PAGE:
Recently I was asked to address the request by a prepress department in a printing company to be put on a separate network and not part of the overall company computer network. This question has been debated ever since desktop computing combined with PostScript Imagesetters. I wish I could say that there was a right answer or best practice but I can’t. There are two sides to this story and both are valid.
As a prepress and production person I usually side with the separate network idea, which is the prepress side of this controversy. The prepress staff typically talk about how the file sizes for the prepress network are much larger and that network traffic should be minimized to facilitate file transfers and how file transfers from clients may require different security protocols. And an argument can be made that prepress needs access to web sites that the company may not usually permit staff to access. These are support sites to post questions and answers such as NAQPs ListServe or WhatTheyThinks PrintPlanet.
On the other hand, I have heard and can understand management’s point of view which is that you need to maintain high security and you don’t want staff wasting time on sites that are not work related. Before making a decision, however, I think it’s important to understand what is motivating this request and test the validity of the request. Typically the prepress staff makes this request because they feel the network is slow or they feel they are constrained in their attempts to problem solve (access sites that may be forbidden) day to day issues.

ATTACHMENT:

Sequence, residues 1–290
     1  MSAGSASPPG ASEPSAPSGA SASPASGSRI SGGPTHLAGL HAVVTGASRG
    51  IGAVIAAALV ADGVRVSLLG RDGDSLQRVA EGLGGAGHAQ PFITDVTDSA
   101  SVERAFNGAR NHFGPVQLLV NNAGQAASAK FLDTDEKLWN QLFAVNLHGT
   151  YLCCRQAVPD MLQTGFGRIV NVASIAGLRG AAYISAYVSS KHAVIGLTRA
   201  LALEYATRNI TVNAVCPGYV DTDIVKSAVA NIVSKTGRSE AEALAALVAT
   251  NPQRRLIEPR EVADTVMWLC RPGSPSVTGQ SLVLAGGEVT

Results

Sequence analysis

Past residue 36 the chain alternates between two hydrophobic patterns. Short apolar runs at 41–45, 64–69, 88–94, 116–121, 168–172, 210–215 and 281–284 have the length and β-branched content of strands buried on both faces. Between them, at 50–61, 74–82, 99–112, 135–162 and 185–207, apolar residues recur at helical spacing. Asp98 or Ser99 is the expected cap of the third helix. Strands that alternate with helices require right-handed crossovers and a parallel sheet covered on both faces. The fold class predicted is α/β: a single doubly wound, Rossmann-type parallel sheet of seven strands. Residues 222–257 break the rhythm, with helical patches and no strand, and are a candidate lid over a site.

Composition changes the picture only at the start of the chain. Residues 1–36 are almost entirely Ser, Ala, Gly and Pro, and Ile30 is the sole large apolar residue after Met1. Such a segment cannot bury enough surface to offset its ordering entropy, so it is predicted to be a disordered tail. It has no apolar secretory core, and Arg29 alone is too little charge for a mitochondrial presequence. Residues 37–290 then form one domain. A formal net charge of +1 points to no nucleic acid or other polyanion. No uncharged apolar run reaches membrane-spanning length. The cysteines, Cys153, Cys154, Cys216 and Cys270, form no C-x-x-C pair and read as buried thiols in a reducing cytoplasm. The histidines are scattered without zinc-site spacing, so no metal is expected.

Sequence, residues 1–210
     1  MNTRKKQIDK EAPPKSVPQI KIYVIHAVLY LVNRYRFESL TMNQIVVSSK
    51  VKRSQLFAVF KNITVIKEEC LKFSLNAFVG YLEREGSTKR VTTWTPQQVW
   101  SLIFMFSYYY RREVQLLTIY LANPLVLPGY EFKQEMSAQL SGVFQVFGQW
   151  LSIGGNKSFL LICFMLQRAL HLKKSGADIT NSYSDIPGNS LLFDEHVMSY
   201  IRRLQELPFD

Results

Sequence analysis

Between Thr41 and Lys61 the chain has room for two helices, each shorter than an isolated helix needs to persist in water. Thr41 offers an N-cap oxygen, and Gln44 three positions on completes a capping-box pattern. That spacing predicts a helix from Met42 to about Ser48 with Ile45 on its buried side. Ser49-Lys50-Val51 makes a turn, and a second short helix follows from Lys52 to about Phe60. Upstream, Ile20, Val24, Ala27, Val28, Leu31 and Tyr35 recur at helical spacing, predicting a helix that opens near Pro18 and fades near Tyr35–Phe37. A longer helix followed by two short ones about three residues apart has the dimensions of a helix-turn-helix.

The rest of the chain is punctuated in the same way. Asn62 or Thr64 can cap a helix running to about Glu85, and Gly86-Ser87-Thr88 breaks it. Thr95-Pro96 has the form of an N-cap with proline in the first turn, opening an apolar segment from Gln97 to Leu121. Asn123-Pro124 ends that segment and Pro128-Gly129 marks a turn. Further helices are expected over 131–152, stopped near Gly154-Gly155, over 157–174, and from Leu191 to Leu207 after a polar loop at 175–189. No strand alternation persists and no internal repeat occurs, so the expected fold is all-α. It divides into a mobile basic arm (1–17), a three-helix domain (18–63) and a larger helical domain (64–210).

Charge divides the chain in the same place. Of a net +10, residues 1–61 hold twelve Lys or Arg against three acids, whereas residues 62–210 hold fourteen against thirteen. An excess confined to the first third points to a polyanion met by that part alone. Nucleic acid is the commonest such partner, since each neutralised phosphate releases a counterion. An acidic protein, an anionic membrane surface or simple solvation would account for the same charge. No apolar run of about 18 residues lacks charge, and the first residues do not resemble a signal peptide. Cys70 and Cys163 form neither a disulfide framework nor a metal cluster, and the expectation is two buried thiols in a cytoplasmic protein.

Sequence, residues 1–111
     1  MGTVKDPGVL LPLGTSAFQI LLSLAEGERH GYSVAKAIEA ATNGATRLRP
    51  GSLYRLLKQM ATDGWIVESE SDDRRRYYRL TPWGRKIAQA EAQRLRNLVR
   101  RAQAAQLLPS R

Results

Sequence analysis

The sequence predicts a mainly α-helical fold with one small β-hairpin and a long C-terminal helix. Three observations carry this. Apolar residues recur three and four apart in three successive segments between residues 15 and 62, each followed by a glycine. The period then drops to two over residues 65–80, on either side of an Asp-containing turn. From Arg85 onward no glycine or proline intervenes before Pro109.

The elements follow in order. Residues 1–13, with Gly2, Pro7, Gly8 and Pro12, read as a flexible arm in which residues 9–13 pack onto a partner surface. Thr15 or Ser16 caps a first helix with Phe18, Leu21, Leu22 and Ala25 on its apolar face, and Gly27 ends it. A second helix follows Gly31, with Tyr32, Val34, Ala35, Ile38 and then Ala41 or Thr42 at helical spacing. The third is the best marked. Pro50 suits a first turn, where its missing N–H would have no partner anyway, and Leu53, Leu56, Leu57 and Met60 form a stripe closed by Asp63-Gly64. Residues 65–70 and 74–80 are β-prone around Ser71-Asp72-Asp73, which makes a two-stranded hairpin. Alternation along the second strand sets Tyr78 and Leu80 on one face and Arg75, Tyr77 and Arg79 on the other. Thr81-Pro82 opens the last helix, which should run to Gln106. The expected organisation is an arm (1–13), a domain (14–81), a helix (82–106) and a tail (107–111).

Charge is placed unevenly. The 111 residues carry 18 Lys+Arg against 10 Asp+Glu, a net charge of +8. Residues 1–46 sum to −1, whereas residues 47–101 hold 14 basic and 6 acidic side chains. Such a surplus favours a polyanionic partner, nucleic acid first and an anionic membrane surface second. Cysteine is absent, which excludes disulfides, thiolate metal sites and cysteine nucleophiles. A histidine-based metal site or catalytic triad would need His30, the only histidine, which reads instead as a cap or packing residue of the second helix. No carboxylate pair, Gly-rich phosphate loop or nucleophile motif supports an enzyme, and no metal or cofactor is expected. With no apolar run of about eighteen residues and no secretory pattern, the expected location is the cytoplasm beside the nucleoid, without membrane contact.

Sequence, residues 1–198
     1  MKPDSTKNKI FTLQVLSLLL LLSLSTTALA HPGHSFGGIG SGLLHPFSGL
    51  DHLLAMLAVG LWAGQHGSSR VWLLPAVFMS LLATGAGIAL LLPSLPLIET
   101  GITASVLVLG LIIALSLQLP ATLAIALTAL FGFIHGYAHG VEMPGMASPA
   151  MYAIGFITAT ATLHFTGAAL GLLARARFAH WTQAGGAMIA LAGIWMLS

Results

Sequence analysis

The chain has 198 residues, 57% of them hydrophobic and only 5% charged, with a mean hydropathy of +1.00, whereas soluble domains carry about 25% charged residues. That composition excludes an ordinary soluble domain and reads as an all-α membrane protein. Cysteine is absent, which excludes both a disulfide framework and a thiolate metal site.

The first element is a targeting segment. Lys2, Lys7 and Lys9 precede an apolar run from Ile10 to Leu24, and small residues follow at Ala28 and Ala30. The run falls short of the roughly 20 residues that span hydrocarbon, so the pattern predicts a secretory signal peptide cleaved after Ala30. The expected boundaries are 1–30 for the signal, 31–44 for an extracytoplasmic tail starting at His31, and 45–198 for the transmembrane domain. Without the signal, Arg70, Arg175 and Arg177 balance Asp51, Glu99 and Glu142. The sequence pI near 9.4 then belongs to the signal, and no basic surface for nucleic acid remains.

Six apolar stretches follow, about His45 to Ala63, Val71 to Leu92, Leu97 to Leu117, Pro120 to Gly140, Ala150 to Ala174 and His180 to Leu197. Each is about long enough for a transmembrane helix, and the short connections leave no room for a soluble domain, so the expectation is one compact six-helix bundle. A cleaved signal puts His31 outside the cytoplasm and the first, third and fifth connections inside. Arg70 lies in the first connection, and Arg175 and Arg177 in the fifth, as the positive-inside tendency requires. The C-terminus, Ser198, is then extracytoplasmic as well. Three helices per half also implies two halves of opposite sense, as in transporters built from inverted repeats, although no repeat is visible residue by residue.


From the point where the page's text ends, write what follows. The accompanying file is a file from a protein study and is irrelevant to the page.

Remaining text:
If the network is slow then that is a serious issue and one that is pretty easy to see and fix. Anyone with experience on slow and fast networks can see quickly if a network is slow and identify the likely reasons. If the network is slow then that is an issue that needs to be addressed. I have seen slow networks that waste time and can cost a company enough to justify one prepress person’s salary per year. Ironically, network solutions have dropped in price so dramatically that it may only cost a few thousand dollars to fix network wiring, network cards, or the network router.
If you’re concerned that staff is wasting time on non work related internet activities, then you should confirm your suspicions. If you confirm your suspicions, then you have to create a formal internet policy for the company, communicate and confirm that everyone knows the policy, monitor behavior and confront those who are wasting time.
My recommendation was to figure out what motivated this request. If they have a valid issue such as a slow network or inability to access support sites, then you should address those issues. At the same time I would recommend monitoring their activities to ensure they are not doing things that they should not be doing.
Which do you think works best … one or two networks?